EuropaBio: Millions of Europeans suffer from rare diseases - why are they not higher on the healthcare agenda?

October 30, 2006

Madrid, 26 October 2006

Patients' Organisations, Scientists, Biotechnology and Pharmaceutical Industries identify 7 potential solutions to the huge unmet need to treat rare diseases during Spanish "Rare Diseases Week" in Madrid

One in 33 babies is born with a rare and serious genetic disease - most of which have no treatment (1). Yet the burden of rare diseases is immense and affects millions of individuals across Europe (2). This week more than 100 stakeholders from patients' organisations, academia, the biotechnology and pharmaceutical industries came together for the 7th EPPOSI Workshop on Partnering for Rare Disease Therapy & Development during the Spanish Rare Disease Week (3) to assess how European society can better serve the needs of Europe's rare disease community.

During the first day of the workshop, participants developed seven key recommendations to help tackle the continuing issue of rare disease treatment, including:

1. National Health Technology Assessment bodies should cooperate more on the evaluation methodology and how to conduct assessments - to avoid that each new drug is evaluated 25 times in different ways by the authorities in the 25 EU Member States. Evidence-gathering can thus be carried out "globally" through collaboration between national agencies, while the decision on what to do with that information can remain local.

2. The pharmaceutical industry should be more transparent about development costs and price-setting to help wider society understand why rare disease treatments are often higher than those for conventional treatments.

3. Member States governments should cooperate on an EU level to facilitate funding and patient access to such products - as treatments for rare diseases are not suited to market forces, central EU funding might contribute to solving the issue. And public funding should be made available for further investigation of existing molecules in the rare disease area.

4. The Regulatory Authorities should be more transparent on the elements of the decision-making on the granting or not of reimbursement. Difficult decisions are only acceptable if society understands why they are taken. Alternative paradigms for reimbursement need to be discussed to safeguard the future of the system.

5. The European Commission and European Medicines Agency (EMEA) should emphasise the message that the EU's Orphan Regulation is intended to support innovative research into unmet medical needs in the field of rare diseases and that this research will be rewarded.

6. All elements of the rare disease community should build understanding and acceptability (awareness) of orphan diseases in society at large. If people do not understand, governments will not want to invest in making these treatments available to patients.

7. All elements of the rare disease community should work together to help the European Commission to recast the EU Clinical Trials Directive, whose goals are not questioned, but which is - in practice - raising challenges that are particularly critical in the rare disease environment.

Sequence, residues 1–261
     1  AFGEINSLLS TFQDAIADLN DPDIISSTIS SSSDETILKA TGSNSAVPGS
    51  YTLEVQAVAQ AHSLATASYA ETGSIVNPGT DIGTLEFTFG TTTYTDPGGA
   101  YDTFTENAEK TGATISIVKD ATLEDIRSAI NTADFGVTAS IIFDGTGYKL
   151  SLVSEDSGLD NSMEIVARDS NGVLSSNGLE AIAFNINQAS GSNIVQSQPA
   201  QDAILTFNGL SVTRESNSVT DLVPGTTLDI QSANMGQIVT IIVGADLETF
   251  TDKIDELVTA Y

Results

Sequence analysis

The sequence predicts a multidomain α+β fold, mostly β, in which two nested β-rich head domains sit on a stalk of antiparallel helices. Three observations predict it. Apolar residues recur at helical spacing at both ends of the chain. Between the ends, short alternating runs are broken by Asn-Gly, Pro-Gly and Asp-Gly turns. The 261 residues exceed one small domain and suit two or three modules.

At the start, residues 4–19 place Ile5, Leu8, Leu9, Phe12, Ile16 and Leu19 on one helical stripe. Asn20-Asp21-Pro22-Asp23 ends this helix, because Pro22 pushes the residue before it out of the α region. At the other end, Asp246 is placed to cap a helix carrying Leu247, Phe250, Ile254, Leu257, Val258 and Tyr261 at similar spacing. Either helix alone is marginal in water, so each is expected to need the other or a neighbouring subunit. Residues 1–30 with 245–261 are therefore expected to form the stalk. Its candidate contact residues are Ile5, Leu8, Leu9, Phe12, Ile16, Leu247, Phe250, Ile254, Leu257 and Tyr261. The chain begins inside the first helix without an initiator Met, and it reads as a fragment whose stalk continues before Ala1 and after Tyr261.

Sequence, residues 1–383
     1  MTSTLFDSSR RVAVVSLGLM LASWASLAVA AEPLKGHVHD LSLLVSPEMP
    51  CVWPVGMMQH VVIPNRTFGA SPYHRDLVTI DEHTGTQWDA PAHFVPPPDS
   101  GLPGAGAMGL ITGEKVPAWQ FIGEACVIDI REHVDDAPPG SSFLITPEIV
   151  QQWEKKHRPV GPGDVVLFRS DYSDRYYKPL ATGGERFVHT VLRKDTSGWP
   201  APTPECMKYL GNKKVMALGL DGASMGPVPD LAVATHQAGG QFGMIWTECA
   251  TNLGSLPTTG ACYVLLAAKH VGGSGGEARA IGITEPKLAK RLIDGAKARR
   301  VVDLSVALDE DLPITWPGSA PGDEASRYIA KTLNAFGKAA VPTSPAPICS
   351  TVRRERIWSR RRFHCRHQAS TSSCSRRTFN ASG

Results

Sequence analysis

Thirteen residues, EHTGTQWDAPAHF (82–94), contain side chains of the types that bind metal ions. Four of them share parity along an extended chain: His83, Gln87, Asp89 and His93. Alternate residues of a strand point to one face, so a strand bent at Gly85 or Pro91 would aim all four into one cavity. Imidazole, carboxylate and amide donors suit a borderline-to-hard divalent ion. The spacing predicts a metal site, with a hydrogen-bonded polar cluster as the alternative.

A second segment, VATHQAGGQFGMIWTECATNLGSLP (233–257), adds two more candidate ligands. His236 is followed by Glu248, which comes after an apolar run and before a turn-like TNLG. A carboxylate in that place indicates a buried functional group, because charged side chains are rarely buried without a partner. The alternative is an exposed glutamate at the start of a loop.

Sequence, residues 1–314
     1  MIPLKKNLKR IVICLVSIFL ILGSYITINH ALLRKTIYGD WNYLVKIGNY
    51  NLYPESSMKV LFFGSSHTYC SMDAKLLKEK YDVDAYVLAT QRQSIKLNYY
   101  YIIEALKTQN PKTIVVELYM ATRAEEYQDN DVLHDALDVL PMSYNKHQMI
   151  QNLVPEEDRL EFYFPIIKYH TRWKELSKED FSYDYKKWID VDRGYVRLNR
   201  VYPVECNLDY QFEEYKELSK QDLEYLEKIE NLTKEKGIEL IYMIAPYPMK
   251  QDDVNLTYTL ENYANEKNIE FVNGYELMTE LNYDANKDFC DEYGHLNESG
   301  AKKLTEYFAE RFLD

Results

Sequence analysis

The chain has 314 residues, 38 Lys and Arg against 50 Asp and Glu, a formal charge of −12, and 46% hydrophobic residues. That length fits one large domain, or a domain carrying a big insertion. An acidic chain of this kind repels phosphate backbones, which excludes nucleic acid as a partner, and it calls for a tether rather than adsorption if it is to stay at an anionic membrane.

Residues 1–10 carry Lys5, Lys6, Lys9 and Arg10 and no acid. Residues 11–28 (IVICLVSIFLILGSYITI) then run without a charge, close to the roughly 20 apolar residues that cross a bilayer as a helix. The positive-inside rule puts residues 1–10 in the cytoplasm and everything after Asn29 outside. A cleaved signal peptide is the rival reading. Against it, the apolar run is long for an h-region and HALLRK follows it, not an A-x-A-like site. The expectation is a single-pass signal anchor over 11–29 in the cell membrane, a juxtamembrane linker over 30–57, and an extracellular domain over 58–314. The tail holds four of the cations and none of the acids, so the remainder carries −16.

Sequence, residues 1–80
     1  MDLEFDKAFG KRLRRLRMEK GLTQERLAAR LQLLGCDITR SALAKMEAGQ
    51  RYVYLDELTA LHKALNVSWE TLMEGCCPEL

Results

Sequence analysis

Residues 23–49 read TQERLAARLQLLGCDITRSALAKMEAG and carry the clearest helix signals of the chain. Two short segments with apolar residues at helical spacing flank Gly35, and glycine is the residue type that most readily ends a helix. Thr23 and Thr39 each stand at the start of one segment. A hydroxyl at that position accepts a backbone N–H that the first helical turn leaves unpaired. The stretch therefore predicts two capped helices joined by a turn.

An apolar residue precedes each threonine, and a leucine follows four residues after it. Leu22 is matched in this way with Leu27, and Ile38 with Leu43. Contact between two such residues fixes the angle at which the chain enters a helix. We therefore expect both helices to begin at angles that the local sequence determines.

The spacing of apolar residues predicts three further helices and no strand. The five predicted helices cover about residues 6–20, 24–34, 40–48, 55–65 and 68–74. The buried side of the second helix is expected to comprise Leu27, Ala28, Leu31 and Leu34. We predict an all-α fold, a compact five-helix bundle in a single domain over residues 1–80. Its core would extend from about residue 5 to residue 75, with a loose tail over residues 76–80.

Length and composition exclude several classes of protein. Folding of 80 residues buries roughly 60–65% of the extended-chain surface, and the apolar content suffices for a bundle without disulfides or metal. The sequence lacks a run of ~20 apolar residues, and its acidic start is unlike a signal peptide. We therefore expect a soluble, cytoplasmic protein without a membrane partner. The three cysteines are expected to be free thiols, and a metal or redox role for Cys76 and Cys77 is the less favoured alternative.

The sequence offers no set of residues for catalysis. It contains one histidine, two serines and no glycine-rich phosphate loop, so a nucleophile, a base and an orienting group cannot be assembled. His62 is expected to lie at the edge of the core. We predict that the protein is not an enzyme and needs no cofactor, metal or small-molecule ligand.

Commenting on the recommendations, Yann Le Cam, speaking on behalf of the European Rare Diseases Patients' Associations (Eurordis), stated:

"European rare disease patients need European solutions. Today all aspects of new drug development in Europe are centralised through EU procedures.. But access to those treatments is still in the hands of national governments. Some European rare disease patients can receive treatment while others cannot. Something needs to change".

EPPOSI aims to positively influence policies in human healthcare in Europe based on joint views developed by its stakeholders. The joint recommendations developed during the Madrid workshop will be shared with European decision-makers at all levels.

NOTES TO EDITORS:

- The European Platform for Patients' Organisations, Science & Industry (EPPOSI) was founded in 1994 and is a Europe-wide partnership of patients, industry and academic science. EPPOSI aims to advance healthcare policies for the prevention and treatment of serious diseases (www.epposi.org).

- EU Regulation 141/2000 - the European Orphan Medicinal Products Regulation, which creates a framework for incentivising research and development into rare diseases - came into force in 2000. http:///www.ec.europa.eu/enterprise/pharm aceuticals/orphanmp/doc/141_2000/141_200 0_en.pdf

- Since 2000, more than 400 products have been registered in the EU as potential treatments for rare conditions, of which more than 30 are already allowed on the European market, listed on the official EU Register of Orphan Medicinal Products. http:///www.ec.europa.eu/enterprise/pharm aceuticals/register/orphreg.htm

- For more information on the estimated 7,000 rare diseases, please see the Orphanet website: www.orpha.net

REFERENCE NOTES:

1. Jeans for Genes Appeal website (www.jeansforgenes.com)

2. European Organisation for Rare Diseases (EURORDIS) website (www.eurordis.org)

3. Semana de las Enfermedades Raras, 21- October 2006, organised by the Spanish Federation for Rare Diseases, FEDER: (www.enfermedades-raras.org).

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